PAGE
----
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Let’s Fail Faster: Why Scientific Failures Should be Accepted as Progress


In the scientific community there is an emphasis on positive results: getting published, having a drug be approved, etc. However, crucial learning happens when experiments don’t work – in fact, these “failures” may be some of the most important learning experiences. In this article we discuss the need to shift the focus from failing less, to failing faster and some of the resources available to researchers so they can expedite their own work. 


I have not failed. I’ve just found 10,000 ways that won’t work.

– Albert Einstein

Often, when people are introduced to the discipline of science they mistakenly think that in order to be a good scientist their experiments should always show significant results. Scientific progress, however, is made through numerous trials and errors that allow researchers to learn, and ultimately accommodate for, when designing their next experiment and ultimately, making their next discovery. 

Thus, what can help the advancement of science is finding ways to speed up the process of discovering what doesn’t work. There are several ways to do this, for instance: using alternate model organisms that have shorter lifespans and are faster to test than traditional rodent models, and/or collaborating with biotech companies that can provide these models or an accelerator lab space. 

A multi-model approach to research is an excellent way to shorten the timespan of a study, as some models have a vastly different lifecycle than others (Figure 1). This shorter timespan allows researchers to determine whether their experiment is producing meaningful results, or if their time would be better spent on something else. In this way, non-mammalian models are extremely useful as a proof of hypothesis before deciding to conduct the experiment on more expensive, time-consuming models. For example, if you were to test a hypothesis in C. elegans, and it failed, then there would be no reason to run the experiment in mice. You would have shaved months off of your timeline, allowing you to fail faster. Depending on the research, these non-mammalian models can most suitably be used as a first step before testing on mice,  or, they can replace rodent models altogether. 

Learn more about InVivo Biosystems’ Models Lifecycle comparison of common model organisms

Figure 1. Life Cycle of Common Model Organisms (time to obtain fertile adults)

As Dr. Daniel Starr, UC Davis, said in a recent 17 Minutes of Science interview, collaboration is key, “because [InVivo Biosystems] can crank the transgenics out faster than we can. And now we can use our skills to analyze it in our assays of nuclear movements and things like that.” Working closely together, companies, such as InVivo Biosystems, can help researchers move products forward by providing the models needed so that researchers can focus on what they do best.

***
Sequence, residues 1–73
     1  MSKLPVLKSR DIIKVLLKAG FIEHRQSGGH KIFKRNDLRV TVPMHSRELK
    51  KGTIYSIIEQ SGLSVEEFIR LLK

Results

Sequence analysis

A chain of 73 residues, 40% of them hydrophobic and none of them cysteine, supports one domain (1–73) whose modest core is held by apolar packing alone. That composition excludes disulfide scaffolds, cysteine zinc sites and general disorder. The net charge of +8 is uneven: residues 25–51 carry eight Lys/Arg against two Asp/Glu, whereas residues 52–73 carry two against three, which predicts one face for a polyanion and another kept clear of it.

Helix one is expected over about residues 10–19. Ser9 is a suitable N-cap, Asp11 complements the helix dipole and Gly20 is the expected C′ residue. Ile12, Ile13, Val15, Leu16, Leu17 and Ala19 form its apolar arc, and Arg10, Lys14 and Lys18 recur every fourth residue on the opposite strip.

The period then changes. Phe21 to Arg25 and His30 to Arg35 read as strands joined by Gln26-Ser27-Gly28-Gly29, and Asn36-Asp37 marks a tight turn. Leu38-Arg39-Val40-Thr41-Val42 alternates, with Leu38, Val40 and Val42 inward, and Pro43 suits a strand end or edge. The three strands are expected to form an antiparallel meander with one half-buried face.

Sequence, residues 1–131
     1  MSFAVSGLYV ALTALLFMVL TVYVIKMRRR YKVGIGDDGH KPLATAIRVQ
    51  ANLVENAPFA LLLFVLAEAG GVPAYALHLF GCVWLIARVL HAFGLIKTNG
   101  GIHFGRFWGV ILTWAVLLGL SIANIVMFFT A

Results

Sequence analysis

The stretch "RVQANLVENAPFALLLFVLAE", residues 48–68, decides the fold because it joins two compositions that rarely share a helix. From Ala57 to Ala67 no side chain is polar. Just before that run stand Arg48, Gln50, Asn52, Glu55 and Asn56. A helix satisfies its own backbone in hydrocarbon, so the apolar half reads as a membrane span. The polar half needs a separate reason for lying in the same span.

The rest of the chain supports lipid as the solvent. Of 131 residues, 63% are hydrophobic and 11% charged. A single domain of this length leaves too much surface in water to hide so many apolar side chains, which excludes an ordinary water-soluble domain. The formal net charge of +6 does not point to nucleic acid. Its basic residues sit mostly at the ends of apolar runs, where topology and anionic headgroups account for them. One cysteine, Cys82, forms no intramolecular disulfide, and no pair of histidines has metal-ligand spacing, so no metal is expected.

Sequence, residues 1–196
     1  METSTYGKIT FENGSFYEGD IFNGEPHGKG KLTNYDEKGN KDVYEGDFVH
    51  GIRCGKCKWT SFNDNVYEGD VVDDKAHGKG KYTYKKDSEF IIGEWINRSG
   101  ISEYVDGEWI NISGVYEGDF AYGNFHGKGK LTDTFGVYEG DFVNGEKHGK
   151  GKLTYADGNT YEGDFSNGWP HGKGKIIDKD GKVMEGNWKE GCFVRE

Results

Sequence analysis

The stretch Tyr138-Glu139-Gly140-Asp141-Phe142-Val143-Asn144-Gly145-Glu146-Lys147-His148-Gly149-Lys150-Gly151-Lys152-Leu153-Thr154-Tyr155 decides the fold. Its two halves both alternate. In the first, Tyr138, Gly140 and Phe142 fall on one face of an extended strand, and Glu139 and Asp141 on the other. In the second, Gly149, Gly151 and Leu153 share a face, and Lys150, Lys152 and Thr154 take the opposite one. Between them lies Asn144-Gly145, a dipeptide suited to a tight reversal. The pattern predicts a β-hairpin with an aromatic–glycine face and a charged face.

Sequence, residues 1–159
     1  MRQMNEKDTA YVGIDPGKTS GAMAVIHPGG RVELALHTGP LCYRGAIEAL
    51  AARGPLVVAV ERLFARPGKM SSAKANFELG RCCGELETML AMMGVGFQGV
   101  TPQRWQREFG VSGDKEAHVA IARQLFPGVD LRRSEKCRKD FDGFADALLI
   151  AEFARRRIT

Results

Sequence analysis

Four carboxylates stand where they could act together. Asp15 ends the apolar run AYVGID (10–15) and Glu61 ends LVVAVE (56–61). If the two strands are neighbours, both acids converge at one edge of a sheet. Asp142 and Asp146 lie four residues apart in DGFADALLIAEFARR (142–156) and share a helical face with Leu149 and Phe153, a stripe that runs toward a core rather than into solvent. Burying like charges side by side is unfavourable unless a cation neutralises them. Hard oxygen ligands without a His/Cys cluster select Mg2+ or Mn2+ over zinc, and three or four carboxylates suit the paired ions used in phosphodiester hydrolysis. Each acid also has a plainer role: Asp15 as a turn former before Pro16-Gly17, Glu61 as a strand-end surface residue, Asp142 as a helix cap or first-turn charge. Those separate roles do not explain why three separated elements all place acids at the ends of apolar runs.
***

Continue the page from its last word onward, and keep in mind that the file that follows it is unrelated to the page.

There are many different ways to collaborate though. For instance, some companies specialize in greasing the wheels of the manufacturing and approval process. Dr. Christine Kressirer, senior director of Azzur Cleanrooms on Demand, explained that, “cleanrooms allow [researchers] to fail faster” by providing the space and all the supporting services needed to bring a drug to market. 


To create a new drug from start to finish, most of them fail and they can fail for many reasons. And it’s not always the science.

Over the course of the past year we have all experienced how impactful the speed of research can be: the COVID-19 vaccine was able to be in phase 3 clinical trials in six months instead of the typical two years. This feat was thanks to previous work on other coronaviruses, mass production while trials were still underway, and the effort to have it bypass red tape which could otherwise have held it up for years (Northwell Health, 2020). The ability to design the three levels of trials at the onset of testing, rather than having to wait for approval before designing the next phase, meant that if the vaccine had failed the second or third phase, researchers wouldn’t have wasted valuable time. 


Normally, phase trials run sequentially, to speed up the process, the F.D.A. allowed trials to run simultaneously. 

– Bill Whitaker (60 Minutes, 2020) 

The next few decades are poised to bring vast advancements in personalized medicine and in vaccine development, as well as many other areas of research. These advancements, however, will not just be thanks to developments in technology, but will also be due to innovations in the infrastructure used for this research. So, in researching let’s be open to collaboration, to finding new ways of running studies: let’s work on failing faster.


  1. Northwell Health (2020). Coronavirus Digital Resource Center. https://www.northwell.edu/coronavirus-covid-19/vaccine/frequently-asked-questions
  2. Whitaker, Bill (2020) How the Pfizer-BioNTech COVID-19 vaccine was developed. CBS, 60 Minutes.https://www.cbsnews.com/video/covid-vaccine-pfizer-biontech-collaboration-60-minutes-2020-12-20/

About The Author

Alexandra Narin

Alexandra is the Marketing Content Manager and Grant Writer for InVivo Biosystems. She graduated from the University of St Andrews in 2020 where she earned a Joint MA Honours Degree in English & Psychology/Neuroscience with BPS [British Psychology Society] Accreditation. She has worked as a research assistant, examining the LEC's (lateral entorhinal cortex) involvement in spatial memory and integrating long term multimodal item-context associations, and completed her dissertation on how the number and kinds of sensory cues affect memory persistence across timescales. Her hobbies include running, boxing, and reading.

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